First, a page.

Safeguarding a Rare Plant in Changing Climates and Lands

Jim Crocker
21st March, 2024

Safeguarding a Rare Plant in Changing Climates and Lands

Image Source: Natural Science News, 2024

Key Findings

  • In China, researchers identified 17 cities ideal for cultivating the medicinal plant Thesium chinense
  • About 65% of suitable habitats for T. chinense won't be affected by future land use changes
  • The study provides a plan to balance traditional medicine needs with biodiversity conservation
In the realm of Traditional Chinese Medicine (TCM), the sustainability of wild medicinal plants is of paramount concern, especially as human activity and ecological degradation threaten their existence. One such plant, Thesium chinense, recognized for its antibiotic properties, has faced significant overharvesting, leading to a drastic decrease in its wild populations. Researchers from Harbin Normal University have taken on the challenge of scientifically planning for the cultivation of this valuable plant to ensure its future availability[1]. The study conducted by Harbin Normal University focused on identifying the primary environmental factors that influence the distribution of T. chinense. To achieve this, the team used three atmospheric circulation models to simulate the current and future climatic conditions. These models were then paired with four socio-economic scenarios, known as Shared Socioeconomic Pathways (SSPs), which range from sustainable development (SSP1-2.6) to rapid growth without sustainability (SSP5-8.5). The Biomod2 package, a collection of tools and statistical models, was employed to forecast changes in the areas suitable for T. chinense growth. Furthermore, the PLUS model was utilized to predict how land use might change over time in the regions where the climate remains suitable for T. chinense. This was complemented by the use of ZONATION software, which helped in planning the areas that should be prioritized for the wild tending of this plant. Through this multifaceted approach, the researchers could pinpoint regions in China where T. chinense could be cultivated without clashing with future land use changes. The study's findings reveal that, over the next century, the climate-stable regions for T. chinense in China will cover roughly 383.05 × 10^4 km^2. However, the natural habitat within this area is expected to decline gradually. Currently, about 65.06% of the habitats in the highly suitable areas for T. chinense are likely to remain unaffected by future land use changes. The researchers went a step further by conducting a hotspot analysis, which identified 17 cities as ideal locations for the wild tending of T. chinense. These include six core hotspot cities, six sub-hotspot cities, and five fringe hotspot cities. This research ties into broader environmental trends noted in previous studies. For instance, a study on the European beech, Fagus sylvatica, highlighted the effects of climate change and human activities on plant distribution, with similar methods such as spatial analyses being employed to understand these impacts[2]. The current study expands this approach by integrating socio-economic scenarios to better predict future land use changes. Moreover, the greening patterns observed in satellite data, particularly in China, indicate an increase in vegetation cover due to human land management and climate change[3]. The planning for T. chinense cultivation aligns with these patterns, suggesting a proactive role in shaping land use to support biodiversity. Lastly, insights from the study of invasive species have shown that rapid evolution can occur in response to environmental changes[4]. While T. chinense is not an invasive species, understanding the dynamics of how species adapt to changing conditions can inform the conservation strategies for native medicinal plants. The research from Harbin Normal University provides a comprehensive framework not only for the conservation and cultivation of T. chinense but also offers a model that can be applied to other medicinal plants at risk. This strategic planning is crucial for balancing the needs of traditional medicine with the preservation of biodiversity in the face of ongoing environmental and socio-economic changes.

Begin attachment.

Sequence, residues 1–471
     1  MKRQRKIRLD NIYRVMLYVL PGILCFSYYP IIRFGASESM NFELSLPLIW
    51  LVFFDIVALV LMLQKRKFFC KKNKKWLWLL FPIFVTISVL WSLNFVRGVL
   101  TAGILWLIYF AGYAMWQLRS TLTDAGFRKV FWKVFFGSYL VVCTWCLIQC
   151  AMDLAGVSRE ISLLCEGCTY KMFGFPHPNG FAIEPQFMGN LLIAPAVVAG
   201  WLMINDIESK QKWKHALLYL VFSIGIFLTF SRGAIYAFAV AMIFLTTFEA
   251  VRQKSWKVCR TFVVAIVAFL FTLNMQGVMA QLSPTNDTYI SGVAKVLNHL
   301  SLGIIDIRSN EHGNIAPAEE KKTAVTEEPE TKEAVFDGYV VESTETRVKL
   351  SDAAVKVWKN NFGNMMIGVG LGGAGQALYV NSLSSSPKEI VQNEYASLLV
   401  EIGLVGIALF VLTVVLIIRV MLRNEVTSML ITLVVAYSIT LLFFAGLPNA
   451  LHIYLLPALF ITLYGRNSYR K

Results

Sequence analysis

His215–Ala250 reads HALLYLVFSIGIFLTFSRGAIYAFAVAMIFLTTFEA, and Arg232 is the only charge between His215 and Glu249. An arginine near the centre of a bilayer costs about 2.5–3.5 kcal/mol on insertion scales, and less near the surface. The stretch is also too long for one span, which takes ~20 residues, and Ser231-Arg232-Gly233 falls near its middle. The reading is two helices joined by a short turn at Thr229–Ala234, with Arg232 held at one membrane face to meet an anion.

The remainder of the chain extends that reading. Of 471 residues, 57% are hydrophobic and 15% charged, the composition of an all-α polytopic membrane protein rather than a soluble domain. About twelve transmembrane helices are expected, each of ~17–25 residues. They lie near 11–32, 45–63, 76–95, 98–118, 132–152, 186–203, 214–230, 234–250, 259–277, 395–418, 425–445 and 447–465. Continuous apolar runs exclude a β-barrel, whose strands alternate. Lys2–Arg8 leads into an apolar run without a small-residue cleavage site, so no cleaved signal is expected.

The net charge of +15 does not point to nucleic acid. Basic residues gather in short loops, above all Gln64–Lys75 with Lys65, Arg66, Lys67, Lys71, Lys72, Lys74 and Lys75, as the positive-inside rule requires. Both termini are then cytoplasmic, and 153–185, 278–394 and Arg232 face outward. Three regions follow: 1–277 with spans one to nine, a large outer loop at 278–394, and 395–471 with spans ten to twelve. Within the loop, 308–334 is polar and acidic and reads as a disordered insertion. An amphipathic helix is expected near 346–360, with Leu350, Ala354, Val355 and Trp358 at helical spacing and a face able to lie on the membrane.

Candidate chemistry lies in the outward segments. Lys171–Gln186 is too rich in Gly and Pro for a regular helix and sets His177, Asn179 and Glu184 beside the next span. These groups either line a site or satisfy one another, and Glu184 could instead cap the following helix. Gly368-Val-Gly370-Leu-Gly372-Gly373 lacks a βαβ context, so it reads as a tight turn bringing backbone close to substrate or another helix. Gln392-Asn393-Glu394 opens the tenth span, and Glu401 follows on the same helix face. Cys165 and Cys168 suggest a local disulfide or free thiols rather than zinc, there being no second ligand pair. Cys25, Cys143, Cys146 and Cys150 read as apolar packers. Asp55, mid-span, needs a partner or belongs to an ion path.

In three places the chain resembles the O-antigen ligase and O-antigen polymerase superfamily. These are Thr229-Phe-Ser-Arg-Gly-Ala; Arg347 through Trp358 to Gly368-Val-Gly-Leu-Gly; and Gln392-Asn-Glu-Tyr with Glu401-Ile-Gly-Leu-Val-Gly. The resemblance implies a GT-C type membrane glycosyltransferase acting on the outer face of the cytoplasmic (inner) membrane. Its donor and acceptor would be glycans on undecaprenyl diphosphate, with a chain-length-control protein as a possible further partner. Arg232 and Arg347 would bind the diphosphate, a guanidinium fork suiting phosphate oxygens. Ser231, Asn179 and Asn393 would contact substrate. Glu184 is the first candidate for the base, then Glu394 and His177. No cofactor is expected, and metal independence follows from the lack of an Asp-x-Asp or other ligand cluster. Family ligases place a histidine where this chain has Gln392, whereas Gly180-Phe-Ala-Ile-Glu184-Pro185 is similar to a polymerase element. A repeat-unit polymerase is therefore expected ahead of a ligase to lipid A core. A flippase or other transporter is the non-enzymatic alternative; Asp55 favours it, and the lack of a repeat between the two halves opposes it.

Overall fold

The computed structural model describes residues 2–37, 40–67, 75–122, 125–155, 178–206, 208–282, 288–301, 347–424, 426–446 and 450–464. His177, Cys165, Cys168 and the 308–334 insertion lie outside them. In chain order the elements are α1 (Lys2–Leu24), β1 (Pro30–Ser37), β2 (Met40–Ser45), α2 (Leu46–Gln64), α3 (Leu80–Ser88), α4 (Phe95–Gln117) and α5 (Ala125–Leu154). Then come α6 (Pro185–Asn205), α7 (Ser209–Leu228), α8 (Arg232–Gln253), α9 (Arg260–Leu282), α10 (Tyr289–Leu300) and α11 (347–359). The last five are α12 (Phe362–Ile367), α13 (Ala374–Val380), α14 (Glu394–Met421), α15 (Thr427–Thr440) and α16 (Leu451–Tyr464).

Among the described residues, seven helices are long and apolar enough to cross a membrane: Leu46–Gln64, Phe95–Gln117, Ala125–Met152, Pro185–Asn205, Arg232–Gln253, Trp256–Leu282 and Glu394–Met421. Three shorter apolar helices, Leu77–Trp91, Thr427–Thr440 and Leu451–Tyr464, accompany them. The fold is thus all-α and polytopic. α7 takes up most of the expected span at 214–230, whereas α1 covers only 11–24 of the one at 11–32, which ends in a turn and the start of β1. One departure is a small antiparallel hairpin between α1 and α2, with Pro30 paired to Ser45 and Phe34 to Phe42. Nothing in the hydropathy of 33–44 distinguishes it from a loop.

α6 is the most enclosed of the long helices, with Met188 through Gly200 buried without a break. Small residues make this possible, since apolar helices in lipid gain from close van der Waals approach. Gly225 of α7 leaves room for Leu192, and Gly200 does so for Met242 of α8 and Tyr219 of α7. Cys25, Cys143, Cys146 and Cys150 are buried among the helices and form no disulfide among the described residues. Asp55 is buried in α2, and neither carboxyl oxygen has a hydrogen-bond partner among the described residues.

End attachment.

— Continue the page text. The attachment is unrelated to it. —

SustainabilityEcologyPlant Science


Main Study

1) Distribution and protection of Thesium chinense Turcz. under climate and land use change.

Published 18th March, 2024

Related Studies

2) Shedding light on the effects of climate and anthropogenic pressures on the disappearance of Fagus sylvatica in the Italian lowlands: evidence from archaeo-anthracology and spatial analyses.

3) China and India lead in greening of the world through land-use management.

4) Evolutionary responses to global change: lessons from invasive species.

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